Turns out, since she had grown up eating spaghetti spaghetti, she just couldn't get used to the new stuff.  From that day on, when she made spaghetti, she made it her own way.  Which meant mr's dad wouldn't eat it.  And when mr's dad made spaghetti he made it HIS way.  And mr's mom wouldn't eat it.
I was first introduced to Idaho Spaghetti before mr and I were married when I joined his family for a winter trip to Yellowstone.  I was skeptical.  I mean, look at those ingredients!!  But in complete amazement, I had to admit that I really liked it.  A lot.
I don't know if or how the recipe was handed down to dad's siblings and their kids, but I do know that as far as we go, the tradition has definitely NOT stopped with mr's parents.  mr loves Idaho Spaghetti so much more than normal spaghetti that I've stopped making it.  The first time mr made Idaho Spaghetti for all of us, bug ate more than I'd ever seen him eat in one sitting.  Obviously, we quickly put it into our normal dinner rotation.  Now our kids will likely have an experience like mr's father did - a moment of shock when tasting what the rest of the world considers spaghetti.

So how do you make it?  Interestingly enough, dad informed us that we were actually making it wrong which automatically turned it into an entirely different dish - albeit one that was remarkably similar to Idaho Spaghetti.  According to dad we were making Wisconsin Spaghetti.  And that's how mr's dad came to be cooking for us while on vacation at our home.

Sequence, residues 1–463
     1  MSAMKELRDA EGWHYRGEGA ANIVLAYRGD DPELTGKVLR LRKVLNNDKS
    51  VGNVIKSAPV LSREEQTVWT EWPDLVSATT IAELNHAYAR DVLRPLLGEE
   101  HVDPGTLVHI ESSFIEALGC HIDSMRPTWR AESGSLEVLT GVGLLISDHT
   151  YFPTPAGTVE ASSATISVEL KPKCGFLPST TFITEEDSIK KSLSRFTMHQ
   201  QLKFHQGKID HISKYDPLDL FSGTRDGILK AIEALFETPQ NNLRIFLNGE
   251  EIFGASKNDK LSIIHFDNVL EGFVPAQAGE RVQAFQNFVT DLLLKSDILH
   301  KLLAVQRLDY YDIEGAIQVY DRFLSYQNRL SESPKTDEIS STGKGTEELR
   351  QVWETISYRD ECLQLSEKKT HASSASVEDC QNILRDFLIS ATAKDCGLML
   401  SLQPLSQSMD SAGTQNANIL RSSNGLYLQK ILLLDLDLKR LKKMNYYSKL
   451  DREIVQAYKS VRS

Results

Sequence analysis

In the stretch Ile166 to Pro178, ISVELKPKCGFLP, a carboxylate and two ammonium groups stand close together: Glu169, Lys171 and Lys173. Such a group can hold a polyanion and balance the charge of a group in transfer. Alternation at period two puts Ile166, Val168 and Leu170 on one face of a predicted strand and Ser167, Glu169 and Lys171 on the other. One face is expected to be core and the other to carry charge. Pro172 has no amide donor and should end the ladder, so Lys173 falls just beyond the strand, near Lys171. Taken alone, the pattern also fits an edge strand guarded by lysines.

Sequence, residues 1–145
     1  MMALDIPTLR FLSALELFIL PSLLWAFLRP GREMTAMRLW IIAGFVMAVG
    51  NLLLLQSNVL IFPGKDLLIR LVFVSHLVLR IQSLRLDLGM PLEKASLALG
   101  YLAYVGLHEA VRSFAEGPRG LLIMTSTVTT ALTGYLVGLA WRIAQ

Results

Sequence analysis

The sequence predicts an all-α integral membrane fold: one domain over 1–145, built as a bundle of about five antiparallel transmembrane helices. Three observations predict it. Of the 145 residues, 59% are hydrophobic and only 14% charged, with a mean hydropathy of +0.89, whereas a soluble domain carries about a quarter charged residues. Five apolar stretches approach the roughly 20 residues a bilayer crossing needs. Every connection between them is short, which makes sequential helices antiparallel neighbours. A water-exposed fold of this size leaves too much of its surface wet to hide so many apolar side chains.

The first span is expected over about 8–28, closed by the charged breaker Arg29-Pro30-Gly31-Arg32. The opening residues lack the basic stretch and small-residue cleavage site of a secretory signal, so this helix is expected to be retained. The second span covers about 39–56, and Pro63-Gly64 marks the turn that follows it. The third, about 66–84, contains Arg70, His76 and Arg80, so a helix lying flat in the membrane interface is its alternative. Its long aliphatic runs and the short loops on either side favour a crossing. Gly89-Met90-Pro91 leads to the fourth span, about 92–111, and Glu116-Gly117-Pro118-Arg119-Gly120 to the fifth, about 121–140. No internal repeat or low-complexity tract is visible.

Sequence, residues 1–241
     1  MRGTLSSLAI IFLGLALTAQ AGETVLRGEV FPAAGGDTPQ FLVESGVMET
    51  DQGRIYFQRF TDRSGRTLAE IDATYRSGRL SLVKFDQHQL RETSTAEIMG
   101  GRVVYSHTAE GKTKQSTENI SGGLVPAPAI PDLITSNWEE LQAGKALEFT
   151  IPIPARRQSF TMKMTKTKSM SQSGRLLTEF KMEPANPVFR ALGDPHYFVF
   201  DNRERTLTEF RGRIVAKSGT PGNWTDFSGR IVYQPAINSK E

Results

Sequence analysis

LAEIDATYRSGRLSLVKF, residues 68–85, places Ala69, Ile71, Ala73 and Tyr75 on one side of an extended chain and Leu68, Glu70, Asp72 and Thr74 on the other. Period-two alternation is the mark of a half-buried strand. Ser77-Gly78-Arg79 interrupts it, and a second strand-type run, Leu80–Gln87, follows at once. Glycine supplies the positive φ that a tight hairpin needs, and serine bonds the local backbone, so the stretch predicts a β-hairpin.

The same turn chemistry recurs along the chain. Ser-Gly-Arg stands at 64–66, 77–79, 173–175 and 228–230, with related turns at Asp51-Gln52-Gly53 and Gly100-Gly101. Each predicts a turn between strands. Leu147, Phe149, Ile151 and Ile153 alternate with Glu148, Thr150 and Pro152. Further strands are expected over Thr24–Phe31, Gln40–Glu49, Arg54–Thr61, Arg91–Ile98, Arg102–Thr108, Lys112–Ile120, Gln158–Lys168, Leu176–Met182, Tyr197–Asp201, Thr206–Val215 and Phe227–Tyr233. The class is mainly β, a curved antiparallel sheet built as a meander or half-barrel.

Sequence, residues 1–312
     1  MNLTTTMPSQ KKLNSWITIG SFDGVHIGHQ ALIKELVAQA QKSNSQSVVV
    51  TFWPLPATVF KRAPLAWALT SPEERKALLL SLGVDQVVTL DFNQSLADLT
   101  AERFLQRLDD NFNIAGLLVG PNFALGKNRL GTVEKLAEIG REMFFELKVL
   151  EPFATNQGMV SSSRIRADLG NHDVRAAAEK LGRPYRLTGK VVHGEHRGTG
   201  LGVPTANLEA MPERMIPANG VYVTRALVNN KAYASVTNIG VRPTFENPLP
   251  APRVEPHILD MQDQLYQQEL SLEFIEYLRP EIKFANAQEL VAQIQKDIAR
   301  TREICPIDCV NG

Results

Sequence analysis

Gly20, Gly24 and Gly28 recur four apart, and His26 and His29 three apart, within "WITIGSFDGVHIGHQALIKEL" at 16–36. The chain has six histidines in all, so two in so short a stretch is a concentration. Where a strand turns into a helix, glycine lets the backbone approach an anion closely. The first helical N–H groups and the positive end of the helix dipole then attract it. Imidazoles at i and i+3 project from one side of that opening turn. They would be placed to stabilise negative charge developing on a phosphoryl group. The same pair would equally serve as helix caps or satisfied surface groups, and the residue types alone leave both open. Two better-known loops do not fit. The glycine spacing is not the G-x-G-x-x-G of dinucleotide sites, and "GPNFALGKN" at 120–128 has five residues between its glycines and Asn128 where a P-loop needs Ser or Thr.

Just so you know, there are a few VERY SPECIFIC details that MUST be in place in order for Idaho Spaghetti to BE Idaho Spaghetti.  Things mr and I hadn't realized the importance of.  First off, the ingredients (you saw them above, but I'll show you again):

You must use normal spaghetti.  Not "spaghettini," not "spaghettoni," not capellini or bucatini (and yes, those are all real things...).  Just spaghetti.  Also, you must use Campbell's Tomato Soup.  Not Roundy's or Aldi's or whatever generic store brand you've got there.  And apparently, it's only Idaho Spaghetti with French's Mustard and Heinz Ketchup.  No other brands.  Now you know.  Use only a white onion.  That's important too.  You don't have to buy the cheap ground chuck, like I did there... 

Here is the recipe:

Idaho Spaghetti
1 lb ground beef
1 box spaghetti
1 can Campbell's tomato soup
1/2 of a white onion
4 Spoonfuls of white sugar
Squirt of mustard
dash of salt and pepper
Ketchup to taste